Bucs assistant arrested, player suspended

Suspicion of DUI leaves Jay Gruden's status unknown. Fullback Rick Razzano will miss four games for steroids.

Published September 17, 2005

TAMPA - Good thing the Bills don't play in Tampa until Sunday. They can wait.

Right now, the Bucs are facing personal battles.

They were blindsided Friday by more off-field problems. Offensive assistant Jay Gruden was arrested on suspicion of driving under the influence, and rookie fullback Rick Razzano was suspended for four games by the NFL for violating the league's policy on anabolic steroids.

Gruden, 38, also coach of the Arena league's Orlando Predators, was arrested at 2:25 a.m. Friday. The younger brother of Bucs coach Jon Gruden was pulled over near Busch Boulevard and Linebaugh Avenue after Hillsborough County Sheriff's Office deputies observed the car he was driving weaving and crossing the center line, according to police reports.

He was transported to the Orient Road jail. An arrest report showed Gruden's blood alcohol content registered 0.10 and 0.11, above the 0.08 at which Florida considers a driver to be impaired. Gruden was booked at 4:35 a.m. and released four hours later after posting $500 bond.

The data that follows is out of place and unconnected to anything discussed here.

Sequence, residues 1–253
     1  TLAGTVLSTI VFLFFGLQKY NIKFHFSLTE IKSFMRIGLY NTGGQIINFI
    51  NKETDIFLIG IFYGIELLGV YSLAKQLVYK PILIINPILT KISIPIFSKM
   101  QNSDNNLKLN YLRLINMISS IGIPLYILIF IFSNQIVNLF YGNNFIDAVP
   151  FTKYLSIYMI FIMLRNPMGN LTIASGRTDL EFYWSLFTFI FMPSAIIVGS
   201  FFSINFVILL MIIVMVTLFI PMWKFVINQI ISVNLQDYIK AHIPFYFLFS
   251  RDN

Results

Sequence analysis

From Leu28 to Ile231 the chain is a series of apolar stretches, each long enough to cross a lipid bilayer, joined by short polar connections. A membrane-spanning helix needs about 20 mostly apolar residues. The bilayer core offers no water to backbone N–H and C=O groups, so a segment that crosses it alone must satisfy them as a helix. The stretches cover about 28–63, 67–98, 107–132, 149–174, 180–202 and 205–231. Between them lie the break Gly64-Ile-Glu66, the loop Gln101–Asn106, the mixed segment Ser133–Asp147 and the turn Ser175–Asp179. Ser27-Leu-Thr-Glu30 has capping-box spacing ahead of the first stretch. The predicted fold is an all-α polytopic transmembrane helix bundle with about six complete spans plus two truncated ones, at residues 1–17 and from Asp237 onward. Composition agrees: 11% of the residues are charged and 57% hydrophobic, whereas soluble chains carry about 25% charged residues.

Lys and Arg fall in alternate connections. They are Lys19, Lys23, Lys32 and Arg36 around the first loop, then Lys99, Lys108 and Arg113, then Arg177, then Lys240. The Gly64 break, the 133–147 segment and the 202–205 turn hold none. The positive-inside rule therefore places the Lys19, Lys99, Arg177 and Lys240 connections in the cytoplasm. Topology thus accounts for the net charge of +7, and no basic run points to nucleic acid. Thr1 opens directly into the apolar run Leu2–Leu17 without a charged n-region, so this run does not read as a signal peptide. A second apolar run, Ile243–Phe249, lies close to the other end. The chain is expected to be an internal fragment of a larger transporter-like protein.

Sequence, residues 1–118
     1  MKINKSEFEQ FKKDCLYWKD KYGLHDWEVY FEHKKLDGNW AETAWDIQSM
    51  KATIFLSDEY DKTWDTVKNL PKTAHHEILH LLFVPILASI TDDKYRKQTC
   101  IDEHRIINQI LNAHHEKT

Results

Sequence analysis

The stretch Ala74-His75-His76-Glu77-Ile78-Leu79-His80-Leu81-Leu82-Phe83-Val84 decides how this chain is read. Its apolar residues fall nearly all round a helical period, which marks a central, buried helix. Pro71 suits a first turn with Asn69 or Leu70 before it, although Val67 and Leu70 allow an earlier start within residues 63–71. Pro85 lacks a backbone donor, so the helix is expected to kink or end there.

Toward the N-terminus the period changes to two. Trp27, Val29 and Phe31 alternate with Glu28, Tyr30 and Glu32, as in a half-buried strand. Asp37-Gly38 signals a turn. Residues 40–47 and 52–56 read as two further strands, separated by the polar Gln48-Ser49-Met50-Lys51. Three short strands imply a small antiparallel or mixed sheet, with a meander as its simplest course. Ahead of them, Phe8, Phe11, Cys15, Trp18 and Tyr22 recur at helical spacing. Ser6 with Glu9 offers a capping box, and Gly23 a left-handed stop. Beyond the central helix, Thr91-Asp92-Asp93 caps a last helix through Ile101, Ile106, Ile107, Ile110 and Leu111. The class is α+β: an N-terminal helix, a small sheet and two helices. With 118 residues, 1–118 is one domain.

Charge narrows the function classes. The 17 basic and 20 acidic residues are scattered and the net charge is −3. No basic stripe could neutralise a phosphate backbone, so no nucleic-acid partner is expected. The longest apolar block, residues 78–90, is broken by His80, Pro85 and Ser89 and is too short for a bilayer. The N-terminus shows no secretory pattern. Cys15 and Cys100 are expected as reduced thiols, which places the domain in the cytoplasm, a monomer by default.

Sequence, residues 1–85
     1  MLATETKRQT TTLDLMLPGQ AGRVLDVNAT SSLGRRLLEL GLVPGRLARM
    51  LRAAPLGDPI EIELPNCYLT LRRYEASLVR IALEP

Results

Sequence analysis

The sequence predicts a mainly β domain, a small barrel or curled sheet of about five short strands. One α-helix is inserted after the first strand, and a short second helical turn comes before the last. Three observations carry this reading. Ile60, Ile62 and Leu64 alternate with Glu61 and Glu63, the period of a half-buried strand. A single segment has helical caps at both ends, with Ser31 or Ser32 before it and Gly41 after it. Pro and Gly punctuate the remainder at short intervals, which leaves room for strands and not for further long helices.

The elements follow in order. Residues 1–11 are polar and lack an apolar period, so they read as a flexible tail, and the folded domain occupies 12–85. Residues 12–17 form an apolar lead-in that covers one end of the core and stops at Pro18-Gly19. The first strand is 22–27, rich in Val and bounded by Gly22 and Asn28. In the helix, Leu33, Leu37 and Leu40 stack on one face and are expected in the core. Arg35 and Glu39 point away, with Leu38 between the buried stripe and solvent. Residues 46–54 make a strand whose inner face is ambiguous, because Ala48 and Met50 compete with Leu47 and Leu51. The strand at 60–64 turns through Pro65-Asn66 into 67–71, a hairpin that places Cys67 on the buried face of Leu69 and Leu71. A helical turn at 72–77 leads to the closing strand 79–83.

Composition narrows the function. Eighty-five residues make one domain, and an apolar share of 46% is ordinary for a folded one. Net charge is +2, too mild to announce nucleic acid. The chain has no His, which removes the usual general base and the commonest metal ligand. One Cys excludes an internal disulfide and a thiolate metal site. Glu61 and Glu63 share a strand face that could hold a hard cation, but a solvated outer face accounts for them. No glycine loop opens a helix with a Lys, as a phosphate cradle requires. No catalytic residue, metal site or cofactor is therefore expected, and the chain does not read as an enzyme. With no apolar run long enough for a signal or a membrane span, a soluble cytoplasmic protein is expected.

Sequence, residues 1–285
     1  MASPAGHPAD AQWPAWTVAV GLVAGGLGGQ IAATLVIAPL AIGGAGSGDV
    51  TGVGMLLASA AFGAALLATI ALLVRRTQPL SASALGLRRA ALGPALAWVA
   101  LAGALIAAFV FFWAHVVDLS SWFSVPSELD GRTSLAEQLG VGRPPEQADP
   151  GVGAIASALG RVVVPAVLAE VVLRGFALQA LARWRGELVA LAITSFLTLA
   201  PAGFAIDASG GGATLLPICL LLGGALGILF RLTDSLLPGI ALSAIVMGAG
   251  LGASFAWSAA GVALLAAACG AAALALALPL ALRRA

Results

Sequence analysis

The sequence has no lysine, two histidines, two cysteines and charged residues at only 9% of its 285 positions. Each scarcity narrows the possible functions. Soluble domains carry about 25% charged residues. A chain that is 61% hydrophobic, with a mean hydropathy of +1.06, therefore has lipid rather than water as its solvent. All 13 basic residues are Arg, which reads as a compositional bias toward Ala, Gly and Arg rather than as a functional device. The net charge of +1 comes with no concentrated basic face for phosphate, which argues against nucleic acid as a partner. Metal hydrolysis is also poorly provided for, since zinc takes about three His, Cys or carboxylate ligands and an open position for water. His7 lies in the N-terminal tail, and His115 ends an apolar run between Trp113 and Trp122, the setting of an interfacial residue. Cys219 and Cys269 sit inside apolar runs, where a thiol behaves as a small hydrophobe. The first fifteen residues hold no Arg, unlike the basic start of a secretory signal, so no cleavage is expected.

The incidents occurred three days after cornerback Torrie Cox was jailed after his second arrest in nine months on suspicion of driving under the influence. They also served to dampen the mood at One Buc Place after a 24-13 upset at Minnesota in Sunday's season opener.

"Usually in our league, they say you get to celebrate a victory for 24 hours," general manager Bruce Allen said. "That's what we got. They're distractions, but they're distractions for those three individuals more than anyone else."

Allen said the Bucs have not determined whether Gruden will perform his regular duties in the coaches' box during Sunday's home opener against Buffalo. Gruden met with Allen on Friday morning before returning to his home in Orlando.

"I would like to apologize to the Orlando Predators and Tampa Bay Buccaneers organizations, their fans, my family and friends for any embarrassment this incident has caused," Jay Gruden said in a statement released by the Predators. "This was a mistake in judgment on my part. I deeply regret it and have learned a valuable lesson. It won't happen again."

"Obviously, I'm very disappointed," Jon Gruden said. "It's a very serious matter, and serious matters get dealt with very seriously by society and, obviously, by us. I love my brother. I haven't talked to him, but I will. All I can say from the Gruden family is I'm very apologetic."

Predators president Brett Bouchy said Gruden, who led the team to the 1998 and 2000 ArenaBowl titles, will remain as coach.

"This is an unfortunate situation that Jay will address. He has expressed sincere remorse," Bouchy said in a statement. "We will continue to gather information on this incident and will handle any discipline internally. Our organization remains totally supportive of him as an individual and confident in his ability to lead the Predators football operations."